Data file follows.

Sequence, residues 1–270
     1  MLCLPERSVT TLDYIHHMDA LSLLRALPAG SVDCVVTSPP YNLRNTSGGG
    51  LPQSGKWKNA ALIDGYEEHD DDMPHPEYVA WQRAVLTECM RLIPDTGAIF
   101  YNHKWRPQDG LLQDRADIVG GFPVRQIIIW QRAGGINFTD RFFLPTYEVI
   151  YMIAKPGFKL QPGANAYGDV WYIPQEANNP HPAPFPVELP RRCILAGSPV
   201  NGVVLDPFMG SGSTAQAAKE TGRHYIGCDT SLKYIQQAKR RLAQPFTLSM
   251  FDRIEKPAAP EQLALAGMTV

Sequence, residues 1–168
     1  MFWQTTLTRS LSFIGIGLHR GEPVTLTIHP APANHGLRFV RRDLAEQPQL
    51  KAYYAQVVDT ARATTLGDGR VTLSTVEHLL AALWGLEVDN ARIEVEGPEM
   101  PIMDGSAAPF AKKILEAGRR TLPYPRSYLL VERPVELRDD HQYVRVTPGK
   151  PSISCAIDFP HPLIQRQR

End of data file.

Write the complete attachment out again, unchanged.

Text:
Sequence, residues 1–270
     1  MLCLPERSVT TLDYIHHMDA LSLLRALPAG SVDCVVTSPP YNLRNTSGGG
    51  LPQSGKWKNA ALIDGYEEHD DDMPHPEYVA WQRAVLTECM RLIPDTGAIF
   101  YNHKWRPQDG LLQDRADIVG GFPVRQIIIW QRAGGINFTD RFFLPTYEVI
   151  YMIAKPGFKL QPGANAYGDV WYIPQEANNP HPAPFPVELP RRCILAGSPV
   201  NGVVLDPFMG SGSTAQAAKE TGRHYIGCDT SLKYIQQAKR RLAQPFTLSM
   251  FDRIEKPAAP EQLALAGMTV

Sequence, residues 1–168
     1  MFWQTTLTRS LSFIGIGLHR GEPVTLTIHP APANHGLRFV RRDLAEQPQL
    51  KAYYAQVVDT ARATTLGDGR VTLSTVEHLL AALWGLEVDN ARIEVEGPEM
   101  PIMDGSAAPF AKKILEAGRR TLPYPRSYLL VERPVELRDD HQYVRVTPGK
   151  PSISCAIDFP HPLIQRQR